Rev Michael Malcon (left), Chief Executive of the Peoples Justice Council, and Patrick Braxton are pictured in May 2022 when Malcon visited Newbern
Stokes III, pictured. Stokes’ office says all of her actions “at every point in time relevant to this lawsuit … acted under the pretext of the law”.
This came after Stokes and his council members — fellow plaintiffs Gary Broussard, Jesse Donald Leverett, Voncille Brown Thomas and Willie Richard Tucker — allegedly “met in secret to adopt.” [the] “Special Electoral Ordinance” ahead of October’s election.
Because the election was not published, only Stokes and his councilors qualified, according to Braxton.
They then “effectively reappointed themselves to their positions,” the lawsuit says, and “illegally assumed their new terms” before being sworn in in November.
Meanwhile, Braxton compiled his own advice, claiming he was the only person who truly qualified for the position, as Stokes “didn’t bother to qualify as a candidate,” the lawsuit says.
It also said that when Braxton reached out to Stokes months earlier for information about running for mayor, he misled him by allegedly giving him “false information about qualifications” and failed to publicly alert local residents.
Braxton, just outside City Hall, looks across the street at Newbern Mercantile, the only shop there that people rarely walk around
Despite this, Braxton said he still submitted his candidacy statement and a relevant money order to then-town clerk Lynn Williams before being bypassed by Stokes and his secret ballot.
If it turns out that Braxton would be elected, he would be the southeast Alabama city’s first mayor in 165 years — since its inception.
About 85 percent of Newbern’s 130 residents are black. In more than a century and a half, only one black man has served on the city council.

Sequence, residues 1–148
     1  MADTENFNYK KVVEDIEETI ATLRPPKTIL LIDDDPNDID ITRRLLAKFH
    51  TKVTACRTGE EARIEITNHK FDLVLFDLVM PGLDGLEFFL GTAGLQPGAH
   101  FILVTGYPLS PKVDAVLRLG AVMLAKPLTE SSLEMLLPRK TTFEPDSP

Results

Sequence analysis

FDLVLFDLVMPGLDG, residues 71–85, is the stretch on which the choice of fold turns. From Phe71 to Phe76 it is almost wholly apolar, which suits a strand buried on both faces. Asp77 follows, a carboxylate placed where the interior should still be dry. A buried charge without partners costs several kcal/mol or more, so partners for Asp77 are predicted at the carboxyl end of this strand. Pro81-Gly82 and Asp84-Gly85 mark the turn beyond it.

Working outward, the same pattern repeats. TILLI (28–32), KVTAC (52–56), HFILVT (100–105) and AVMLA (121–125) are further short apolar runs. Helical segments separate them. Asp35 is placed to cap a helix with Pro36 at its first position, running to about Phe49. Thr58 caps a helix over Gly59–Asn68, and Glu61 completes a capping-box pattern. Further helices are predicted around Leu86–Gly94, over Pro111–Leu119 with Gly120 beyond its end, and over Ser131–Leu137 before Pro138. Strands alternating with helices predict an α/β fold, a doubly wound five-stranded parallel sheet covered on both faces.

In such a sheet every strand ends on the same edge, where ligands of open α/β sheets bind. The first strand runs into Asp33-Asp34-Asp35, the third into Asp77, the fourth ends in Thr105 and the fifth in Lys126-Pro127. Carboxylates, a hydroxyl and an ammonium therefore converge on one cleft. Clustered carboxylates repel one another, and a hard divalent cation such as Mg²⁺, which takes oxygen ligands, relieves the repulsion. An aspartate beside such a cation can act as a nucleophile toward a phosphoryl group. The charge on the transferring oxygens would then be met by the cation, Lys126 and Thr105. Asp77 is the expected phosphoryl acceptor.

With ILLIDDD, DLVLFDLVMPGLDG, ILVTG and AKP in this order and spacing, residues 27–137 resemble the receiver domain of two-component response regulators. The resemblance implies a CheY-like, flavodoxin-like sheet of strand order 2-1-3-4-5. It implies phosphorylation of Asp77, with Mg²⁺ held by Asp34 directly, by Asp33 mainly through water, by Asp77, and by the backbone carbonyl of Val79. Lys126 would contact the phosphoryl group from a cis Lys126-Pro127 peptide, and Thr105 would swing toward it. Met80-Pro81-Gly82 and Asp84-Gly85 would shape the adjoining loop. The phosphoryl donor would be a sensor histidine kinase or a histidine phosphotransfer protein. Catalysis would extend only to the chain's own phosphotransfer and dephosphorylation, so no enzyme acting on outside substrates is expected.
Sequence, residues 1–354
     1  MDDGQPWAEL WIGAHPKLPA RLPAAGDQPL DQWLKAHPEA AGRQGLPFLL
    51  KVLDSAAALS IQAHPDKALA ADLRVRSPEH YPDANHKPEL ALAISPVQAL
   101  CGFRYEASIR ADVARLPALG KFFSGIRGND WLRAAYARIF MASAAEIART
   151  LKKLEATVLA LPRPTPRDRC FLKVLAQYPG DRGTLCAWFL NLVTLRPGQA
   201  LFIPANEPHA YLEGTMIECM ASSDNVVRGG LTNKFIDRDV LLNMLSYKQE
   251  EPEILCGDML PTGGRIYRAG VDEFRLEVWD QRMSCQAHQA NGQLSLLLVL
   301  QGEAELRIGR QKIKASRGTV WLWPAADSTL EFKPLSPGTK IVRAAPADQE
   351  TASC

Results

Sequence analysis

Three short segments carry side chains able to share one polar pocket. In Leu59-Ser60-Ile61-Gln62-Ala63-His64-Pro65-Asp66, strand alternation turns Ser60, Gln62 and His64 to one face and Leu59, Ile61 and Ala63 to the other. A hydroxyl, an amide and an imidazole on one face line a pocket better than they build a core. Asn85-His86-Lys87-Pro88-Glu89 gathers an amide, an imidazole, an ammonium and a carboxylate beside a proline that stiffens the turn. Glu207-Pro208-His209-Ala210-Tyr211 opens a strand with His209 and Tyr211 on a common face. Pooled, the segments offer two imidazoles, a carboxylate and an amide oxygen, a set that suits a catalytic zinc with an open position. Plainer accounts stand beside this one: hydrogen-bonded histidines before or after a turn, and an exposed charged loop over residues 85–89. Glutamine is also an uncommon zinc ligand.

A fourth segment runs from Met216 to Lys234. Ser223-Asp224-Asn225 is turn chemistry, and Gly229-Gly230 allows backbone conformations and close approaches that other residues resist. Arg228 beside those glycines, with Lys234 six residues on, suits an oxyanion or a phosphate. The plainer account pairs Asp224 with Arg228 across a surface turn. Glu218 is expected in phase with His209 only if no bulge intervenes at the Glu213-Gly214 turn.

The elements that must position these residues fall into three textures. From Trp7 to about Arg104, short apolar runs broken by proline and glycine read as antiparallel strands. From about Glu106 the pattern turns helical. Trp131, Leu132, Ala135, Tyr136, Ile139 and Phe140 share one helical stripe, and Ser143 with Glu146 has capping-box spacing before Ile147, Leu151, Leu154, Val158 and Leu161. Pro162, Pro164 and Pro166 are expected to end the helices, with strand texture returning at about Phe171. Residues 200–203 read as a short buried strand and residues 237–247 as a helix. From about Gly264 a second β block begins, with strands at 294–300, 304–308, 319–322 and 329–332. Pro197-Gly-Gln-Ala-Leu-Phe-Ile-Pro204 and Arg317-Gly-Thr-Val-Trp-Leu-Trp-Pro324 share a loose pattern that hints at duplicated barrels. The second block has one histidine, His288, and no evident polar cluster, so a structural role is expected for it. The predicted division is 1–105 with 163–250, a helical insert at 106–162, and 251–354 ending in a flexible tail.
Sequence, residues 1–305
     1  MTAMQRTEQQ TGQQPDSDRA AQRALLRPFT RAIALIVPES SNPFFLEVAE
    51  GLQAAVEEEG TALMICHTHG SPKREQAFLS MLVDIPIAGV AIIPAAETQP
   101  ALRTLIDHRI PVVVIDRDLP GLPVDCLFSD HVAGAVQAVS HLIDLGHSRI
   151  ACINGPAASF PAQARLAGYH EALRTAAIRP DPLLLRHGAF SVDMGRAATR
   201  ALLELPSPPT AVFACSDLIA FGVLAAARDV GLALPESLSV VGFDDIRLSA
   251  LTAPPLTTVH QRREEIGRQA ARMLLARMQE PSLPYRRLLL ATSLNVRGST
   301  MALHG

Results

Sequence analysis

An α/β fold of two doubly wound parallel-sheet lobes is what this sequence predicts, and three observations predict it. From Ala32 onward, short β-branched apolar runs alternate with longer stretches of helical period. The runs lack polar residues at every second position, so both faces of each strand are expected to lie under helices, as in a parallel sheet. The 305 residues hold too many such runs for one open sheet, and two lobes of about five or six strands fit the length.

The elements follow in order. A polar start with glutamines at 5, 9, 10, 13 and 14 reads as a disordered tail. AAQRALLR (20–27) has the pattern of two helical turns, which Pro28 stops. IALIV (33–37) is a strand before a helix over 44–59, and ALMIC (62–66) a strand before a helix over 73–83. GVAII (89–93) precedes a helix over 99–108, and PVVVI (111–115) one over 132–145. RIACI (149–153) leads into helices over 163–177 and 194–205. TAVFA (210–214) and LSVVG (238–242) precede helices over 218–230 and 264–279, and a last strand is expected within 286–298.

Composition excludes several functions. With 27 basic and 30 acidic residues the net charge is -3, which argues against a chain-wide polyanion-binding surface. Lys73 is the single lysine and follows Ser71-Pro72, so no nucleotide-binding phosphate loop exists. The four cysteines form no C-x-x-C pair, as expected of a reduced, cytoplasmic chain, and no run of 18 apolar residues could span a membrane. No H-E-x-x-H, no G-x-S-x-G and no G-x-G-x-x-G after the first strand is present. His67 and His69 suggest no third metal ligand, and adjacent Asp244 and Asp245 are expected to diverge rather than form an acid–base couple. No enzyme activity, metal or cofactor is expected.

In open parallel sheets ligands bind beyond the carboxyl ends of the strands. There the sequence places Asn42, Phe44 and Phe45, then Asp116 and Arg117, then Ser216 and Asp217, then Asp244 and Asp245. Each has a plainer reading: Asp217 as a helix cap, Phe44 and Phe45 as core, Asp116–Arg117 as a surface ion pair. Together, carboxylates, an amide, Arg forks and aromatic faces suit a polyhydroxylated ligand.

As for the group of white city officials named in the lawsuit, they agreed with Braxton’s assessment that they “effectively reappointed their positions,” but said they did so within the law.
In a response to Braxton’s lawsuit obtained by CBS News, Stokes and his council said they “admit that plaintiff Patrick Braxton is black and the former mayor of the city of Newbern,” but denied several of the other allegations.
The defendants also admitted that Braxton was initially the only person who qualified for the office of mayor and that no other candidates had qualified for mayor or council membership at the time.
They also admitted that a special election was held to nominate themselves to city council offices and “that the defendant Stokes became Mayor of the City of Newbern after plaintiff Braxton lost office by operation of law”.
As of Sunday, it’s unclear whether Braxton is said to have lost the position.
When approached by CBS News this week, a lawyer representing Stokes and his council members declined to comment but said his team recently filed a motion to dismiss the lawsuit, which also alleges that the defendants changed the locks at City Hall to keep Braxton out after their secret ballot.
Braxton said he wasn’t able to enter the building until the next month, when he found that “someone had removed official city documents from the building.”
He claimed he had been denied access to the city’s post office box since Lynn Theibe, also a defendant in the case, was appointed postmaster in late 2021.
In the filing, Braxton’s attorneys allege that Theibe acted “in consultation with and/or at the request” of Stokes and his advice.
The lawsuit added that Stokes and his council have not held public meetings at City Hall since 2020 – opting instead to hold meetings at their own private homes.
Stokes’ office stated that all of her actions “at every point in time relevant to this lawsuit acted under the guise of the law”.